Shoulder-to-shoulder in a sweaty, bouncing mass of people, I gleefully mouthed along to a chorus I had learned approximately 30 seconds ago, ignoring the fact that I was wearing a mask. Onstage, MICHELLE’s four vocalists, tired but glowing, grinned down at the crowd from behind their microphones, arms slung around each other’s shoulders. “I’m not afraid to see the bottom, but I will,” they sang, and the crowd echoed. Ironically for a song titled “THE BOTTOM,” MICHELLE’s final performance ended the concert on an unmistakable high. But it took some time to get there. 

Formed in 2018, MICHELLE is an indie pop and R&B collective composed of guitarist Julian Kaufman, drummer Charlie Kilgore and vocalists Sofia D’Angelo, Layla Ku, Emma Lee and Jamee Lockard. The band opened for Mitski earlier this year, releasing their sophomore album, “AFTER DINNER WE TALK DREAMS,” mid-tour. They came to Atlanta Nov. 1 on their own tour, bringing enthusiasm, experimentation and genre-defying groove along with them. 

Their first opener, Mitchy, captured the crowd’s attention with her soft, clear vocals and relatable lyrics about exes, ex-friends and learning to take risks. From the start, the typical barriers between performer and audience were less pronounced. Mitchy introduced each song with a casual, conversational blurb — before a song about a failed friendship, she quipped, “I never want to see her again, but I wish her all the best in all her endeavors,” prompting loud, knowing laughter from the crowd. And she seemed to know a few members of the audience, who were very vocal in their support. The sense of closeness and intimacy could also have originated from the fact that everyone attending seemed to be between 18 and 25 years old; even before Mitchy picked up her guitar, camaraderie was in the air.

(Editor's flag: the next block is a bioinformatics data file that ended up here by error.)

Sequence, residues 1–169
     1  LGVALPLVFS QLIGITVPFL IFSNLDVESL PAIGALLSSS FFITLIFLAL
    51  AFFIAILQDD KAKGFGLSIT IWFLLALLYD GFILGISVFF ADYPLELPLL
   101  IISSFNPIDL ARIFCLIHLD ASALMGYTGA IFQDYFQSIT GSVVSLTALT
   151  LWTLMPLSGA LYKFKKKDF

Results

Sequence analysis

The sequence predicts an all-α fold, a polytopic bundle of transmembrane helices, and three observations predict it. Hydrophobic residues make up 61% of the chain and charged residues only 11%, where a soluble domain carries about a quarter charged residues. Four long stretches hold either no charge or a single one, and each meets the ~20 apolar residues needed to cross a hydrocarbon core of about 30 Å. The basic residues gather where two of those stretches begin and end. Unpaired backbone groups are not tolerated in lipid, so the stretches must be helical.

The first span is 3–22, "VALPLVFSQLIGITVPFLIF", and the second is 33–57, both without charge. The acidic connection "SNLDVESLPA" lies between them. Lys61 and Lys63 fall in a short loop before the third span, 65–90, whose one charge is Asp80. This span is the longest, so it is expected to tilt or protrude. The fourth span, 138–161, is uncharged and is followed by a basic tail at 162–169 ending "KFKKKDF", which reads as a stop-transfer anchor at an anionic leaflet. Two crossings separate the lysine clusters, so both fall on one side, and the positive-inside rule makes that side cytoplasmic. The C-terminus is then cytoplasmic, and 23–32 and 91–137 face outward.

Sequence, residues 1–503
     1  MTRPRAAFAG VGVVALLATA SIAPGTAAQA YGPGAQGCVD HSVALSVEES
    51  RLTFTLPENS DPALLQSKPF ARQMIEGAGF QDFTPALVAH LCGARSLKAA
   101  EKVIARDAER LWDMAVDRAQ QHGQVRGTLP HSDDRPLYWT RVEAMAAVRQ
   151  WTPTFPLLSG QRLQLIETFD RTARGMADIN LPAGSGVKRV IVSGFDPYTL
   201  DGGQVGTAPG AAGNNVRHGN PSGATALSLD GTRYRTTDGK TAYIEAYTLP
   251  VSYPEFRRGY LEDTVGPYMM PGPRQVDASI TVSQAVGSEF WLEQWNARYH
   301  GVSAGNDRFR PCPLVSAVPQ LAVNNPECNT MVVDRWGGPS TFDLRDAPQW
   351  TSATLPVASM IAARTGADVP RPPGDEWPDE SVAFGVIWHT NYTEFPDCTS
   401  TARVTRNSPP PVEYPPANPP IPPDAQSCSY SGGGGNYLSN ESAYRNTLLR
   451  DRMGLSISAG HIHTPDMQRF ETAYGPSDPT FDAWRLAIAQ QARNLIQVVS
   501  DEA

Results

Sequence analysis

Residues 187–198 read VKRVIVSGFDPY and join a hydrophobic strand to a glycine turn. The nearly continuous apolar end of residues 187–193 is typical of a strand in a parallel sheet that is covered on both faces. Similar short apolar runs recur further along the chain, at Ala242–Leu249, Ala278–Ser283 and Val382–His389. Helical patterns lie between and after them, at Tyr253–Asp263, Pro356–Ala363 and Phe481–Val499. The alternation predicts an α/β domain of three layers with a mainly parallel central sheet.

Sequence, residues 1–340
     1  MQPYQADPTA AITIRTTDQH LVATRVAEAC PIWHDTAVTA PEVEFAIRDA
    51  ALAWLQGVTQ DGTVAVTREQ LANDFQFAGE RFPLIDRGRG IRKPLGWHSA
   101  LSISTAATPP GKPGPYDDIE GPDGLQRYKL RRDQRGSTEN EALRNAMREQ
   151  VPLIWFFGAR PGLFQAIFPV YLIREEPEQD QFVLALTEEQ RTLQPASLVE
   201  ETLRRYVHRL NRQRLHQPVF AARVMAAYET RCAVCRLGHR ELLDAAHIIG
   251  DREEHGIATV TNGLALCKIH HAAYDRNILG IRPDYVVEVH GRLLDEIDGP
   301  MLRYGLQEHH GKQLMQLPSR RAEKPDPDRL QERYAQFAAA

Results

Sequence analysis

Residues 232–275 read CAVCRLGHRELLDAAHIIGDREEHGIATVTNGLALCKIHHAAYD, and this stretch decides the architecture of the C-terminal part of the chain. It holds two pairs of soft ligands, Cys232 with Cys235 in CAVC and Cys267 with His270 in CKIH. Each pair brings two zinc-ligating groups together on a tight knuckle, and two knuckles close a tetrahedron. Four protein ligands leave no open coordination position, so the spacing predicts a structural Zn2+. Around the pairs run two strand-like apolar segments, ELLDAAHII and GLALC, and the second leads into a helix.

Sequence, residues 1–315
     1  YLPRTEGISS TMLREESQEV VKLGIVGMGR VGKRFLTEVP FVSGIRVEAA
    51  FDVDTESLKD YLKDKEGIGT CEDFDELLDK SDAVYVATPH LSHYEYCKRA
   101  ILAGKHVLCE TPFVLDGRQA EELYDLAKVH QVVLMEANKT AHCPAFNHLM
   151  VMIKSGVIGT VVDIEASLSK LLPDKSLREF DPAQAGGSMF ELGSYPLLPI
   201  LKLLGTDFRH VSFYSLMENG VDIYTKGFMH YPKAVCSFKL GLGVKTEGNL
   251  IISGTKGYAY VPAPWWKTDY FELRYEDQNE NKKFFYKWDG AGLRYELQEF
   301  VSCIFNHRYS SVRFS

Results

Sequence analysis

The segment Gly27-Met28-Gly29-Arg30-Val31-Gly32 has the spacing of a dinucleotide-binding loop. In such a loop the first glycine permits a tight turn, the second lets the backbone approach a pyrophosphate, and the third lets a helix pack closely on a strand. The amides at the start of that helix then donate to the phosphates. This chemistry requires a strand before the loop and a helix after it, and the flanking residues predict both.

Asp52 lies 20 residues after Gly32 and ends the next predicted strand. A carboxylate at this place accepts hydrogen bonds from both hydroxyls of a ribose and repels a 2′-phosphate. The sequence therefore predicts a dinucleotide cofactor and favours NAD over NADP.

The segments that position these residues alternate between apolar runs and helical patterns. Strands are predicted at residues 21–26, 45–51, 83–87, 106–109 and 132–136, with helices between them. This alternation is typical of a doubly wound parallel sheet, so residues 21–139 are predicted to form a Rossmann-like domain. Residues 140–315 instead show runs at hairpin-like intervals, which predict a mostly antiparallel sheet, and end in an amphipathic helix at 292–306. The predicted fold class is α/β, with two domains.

The energy of the second opening act, Nickname Jos, posed such a dramatic contrast to Mitchy that I almost got whiplash. However, once I had adjusted to the headbanging, wailing electric guitar and speakers cranked up so high I could feel the vibrations in my skull, I couldn’t help but surrender to the giddy joy of really, really good indie rock. Nickname Jos also adopted Mitchy’s casual banter with the audience, with their bouncy frontman announcing, apropos of nothing, that he “cannot multitask” and, later in the set, that he wanted to be Clifford the Big Red Dog for next Halloween. 

By the end of Nickname Jos’s set, almost two hours had passed, and the crowd was getting tired. However, when MICHELLE walked onstage, the cheer that went up was loud enough for a stadium, which made it somewhat miraculous that it came from about 70 people who had been standing on their feet since 7:30 p.m. Looking around, it was evident how much we all loved this band.